Student-focused eating disorder clinic coming to London in 2024

The Harbour is dedicated to offering specialized care to students struggling with eating disorders.

A new project by the Eating Disorders Foundation of Canada (EDFC) aims to provide better support to students and young adults with eating disorders. The Harbour, envisioned by a former Western professor and founder of the EDFC Dr. Robbie Campbell, will act as a multi-disciplinary treatment clinic serving post-secondary students struggling with eating disorders.

The Harbour will follow a unique model of care and support, not currently found at any other educational institution nationwide. With the capacity to serve 100 students annually, Campbell hopes it will serve as a pilot program for other institutions to learn from and potentially adopt.

“The clinic would be close to access for students at Fanshawe and Western, so we don’t want it necessarily at one end of the city or the other. We want easy access for all, including those from London attending college or university,” Campbell said.

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According to Campbell, untreated eating disorders can lead to mortality rates as high as 10 to 20 per cent, and the people who require treatment for eating disorders are currently facing a waiting period of two and a half years in London.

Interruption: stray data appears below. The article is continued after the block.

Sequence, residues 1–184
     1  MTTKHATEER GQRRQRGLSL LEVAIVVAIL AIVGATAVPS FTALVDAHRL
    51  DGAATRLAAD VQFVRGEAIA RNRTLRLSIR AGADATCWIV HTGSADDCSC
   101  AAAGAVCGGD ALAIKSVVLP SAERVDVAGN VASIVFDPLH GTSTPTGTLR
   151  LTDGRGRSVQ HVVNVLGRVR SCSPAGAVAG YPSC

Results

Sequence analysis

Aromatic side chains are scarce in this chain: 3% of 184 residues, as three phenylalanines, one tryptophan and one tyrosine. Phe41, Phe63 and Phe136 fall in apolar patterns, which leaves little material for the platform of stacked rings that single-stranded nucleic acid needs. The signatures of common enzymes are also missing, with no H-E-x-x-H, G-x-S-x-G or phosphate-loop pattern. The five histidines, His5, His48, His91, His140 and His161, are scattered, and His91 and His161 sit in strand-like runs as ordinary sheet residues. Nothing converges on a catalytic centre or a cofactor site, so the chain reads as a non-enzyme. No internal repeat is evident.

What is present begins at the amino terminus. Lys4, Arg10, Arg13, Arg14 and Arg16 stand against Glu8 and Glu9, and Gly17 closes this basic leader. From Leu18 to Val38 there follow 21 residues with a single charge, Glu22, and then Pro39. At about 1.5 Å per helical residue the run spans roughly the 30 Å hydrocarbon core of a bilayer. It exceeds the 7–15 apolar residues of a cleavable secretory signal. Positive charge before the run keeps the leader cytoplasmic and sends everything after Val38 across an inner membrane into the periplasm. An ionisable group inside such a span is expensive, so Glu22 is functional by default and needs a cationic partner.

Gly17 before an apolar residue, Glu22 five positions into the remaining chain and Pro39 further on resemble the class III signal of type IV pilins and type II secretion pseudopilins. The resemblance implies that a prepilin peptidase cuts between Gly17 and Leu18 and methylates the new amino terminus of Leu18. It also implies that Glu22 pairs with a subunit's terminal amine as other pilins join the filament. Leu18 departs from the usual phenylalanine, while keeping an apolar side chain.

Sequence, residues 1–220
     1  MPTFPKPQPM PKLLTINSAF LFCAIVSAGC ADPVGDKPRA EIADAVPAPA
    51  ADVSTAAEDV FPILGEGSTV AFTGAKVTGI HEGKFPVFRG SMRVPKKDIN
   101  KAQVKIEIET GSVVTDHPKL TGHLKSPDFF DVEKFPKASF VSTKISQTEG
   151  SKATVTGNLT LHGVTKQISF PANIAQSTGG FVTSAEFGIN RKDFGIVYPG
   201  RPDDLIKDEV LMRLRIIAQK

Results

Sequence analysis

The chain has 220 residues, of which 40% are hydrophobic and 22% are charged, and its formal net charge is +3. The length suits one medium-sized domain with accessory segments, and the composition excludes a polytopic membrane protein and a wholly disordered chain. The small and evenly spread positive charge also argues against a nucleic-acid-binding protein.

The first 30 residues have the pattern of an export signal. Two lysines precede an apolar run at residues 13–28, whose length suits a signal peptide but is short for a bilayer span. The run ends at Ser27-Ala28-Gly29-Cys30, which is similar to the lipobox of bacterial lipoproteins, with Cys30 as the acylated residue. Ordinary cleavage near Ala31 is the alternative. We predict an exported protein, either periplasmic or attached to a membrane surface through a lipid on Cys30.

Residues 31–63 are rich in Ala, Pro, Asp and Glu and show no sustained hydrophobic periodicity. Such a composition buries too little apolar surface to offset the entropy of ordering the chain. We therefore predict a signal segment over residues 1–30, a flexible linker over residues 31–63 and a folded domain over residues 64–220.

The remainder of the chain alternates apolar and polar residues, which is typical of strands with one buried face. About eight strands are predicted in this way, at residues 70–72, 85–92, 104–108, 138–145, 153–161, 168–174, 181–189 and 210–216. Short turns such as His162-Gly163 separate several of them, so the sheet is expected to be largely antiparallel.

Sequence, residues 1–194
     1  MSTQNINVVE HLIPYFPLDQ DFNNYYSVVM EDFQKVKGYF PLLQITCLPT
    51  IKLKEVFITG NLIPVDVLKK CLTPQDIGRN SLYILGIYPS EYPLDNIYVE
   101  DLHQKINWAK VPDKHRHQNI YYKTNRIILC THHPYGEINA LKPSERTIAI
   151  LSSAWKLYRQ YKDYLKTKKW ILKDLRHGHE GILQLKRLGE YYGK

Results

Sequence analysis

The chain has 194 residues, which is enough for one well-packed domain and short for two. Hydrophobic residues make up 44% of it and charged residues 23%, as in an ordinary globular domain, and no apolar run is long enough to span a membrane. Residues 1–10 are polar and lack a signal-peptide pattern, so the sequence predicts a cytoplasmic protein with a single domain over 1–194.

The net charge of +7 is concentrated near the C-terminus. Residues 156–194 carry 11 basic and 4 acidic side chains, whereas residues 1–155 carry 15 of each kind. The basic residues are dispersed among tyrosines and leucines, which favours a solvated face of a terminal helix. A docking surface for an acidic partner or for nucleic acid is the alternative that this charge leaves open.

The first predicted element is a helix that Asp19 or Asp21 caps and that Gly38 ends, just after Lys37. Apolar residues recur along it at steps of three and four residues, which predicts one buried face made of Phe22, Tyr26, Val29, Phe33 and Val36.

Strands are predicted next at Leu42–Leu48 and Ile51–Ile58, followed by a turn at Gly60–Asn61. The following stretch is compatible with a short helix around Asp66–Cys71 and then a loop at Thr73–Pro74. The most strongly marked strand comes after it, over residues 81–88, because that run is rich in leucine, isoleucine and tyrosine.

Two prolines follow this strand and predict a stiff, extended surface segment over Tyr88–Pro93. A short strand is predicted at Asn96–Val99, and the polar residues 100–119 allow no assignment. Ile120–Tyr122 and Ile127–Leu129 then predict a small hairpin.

The reason for selecting both educational institutions for this pilot project is to ensure that patients are referred directly from the university and college’s own Health Services, which will provide assessment both on and off campus.

From a scientific standpoint, the outcomes of this pilot initiative will provide a basis for further research.

“Eating disorders go together with other conditions such as anxiety, depression, PTSD (Post-Traumatic Stress Disorder), OCD (Obsessive- Compulsive Disorder), ADHD (Attention-Deficit/Hyperactivity Disorder), substance use, and other illnesses. You must have a team approach, or you’re not going to be able to cover all the all the other psychiatric co-morbidities that go along with it,” Campbell explained.

That’s why having a multidisciplinary team with psychologists, social workers, nurses, physicians, psychiatrists, dietitians, recreational therapists, and occupational therapists is crucial.

To access The Harbour, a student must first be referred by their university or college’s Student Health and Wellness Services. Once referred, the student will undergo a psychiatric evaluation. Following the assessment, a support plan will be formulated for the student. If the student agrees to the program, a Clinical Support Manager (CSM) will be assigned to them. The CSM will act as the student's primary therapist and organize and supervise a program of individual and group therapy as required.

EDFC is still looking for financial support from community sponsors, corporate partners, and private donors to open The Harbour by January 2024.

“We’re looking at putting together $500,000 for one year of operation ($400,000 Salaries and Professional services plus $100,000 Miscellaneous), and we want to make sure that we have at least three operational years in place to sustain,” said Campbell.

On the official EDFC website, there is direct access to support the project. Anyone can donate any amount, even once a month.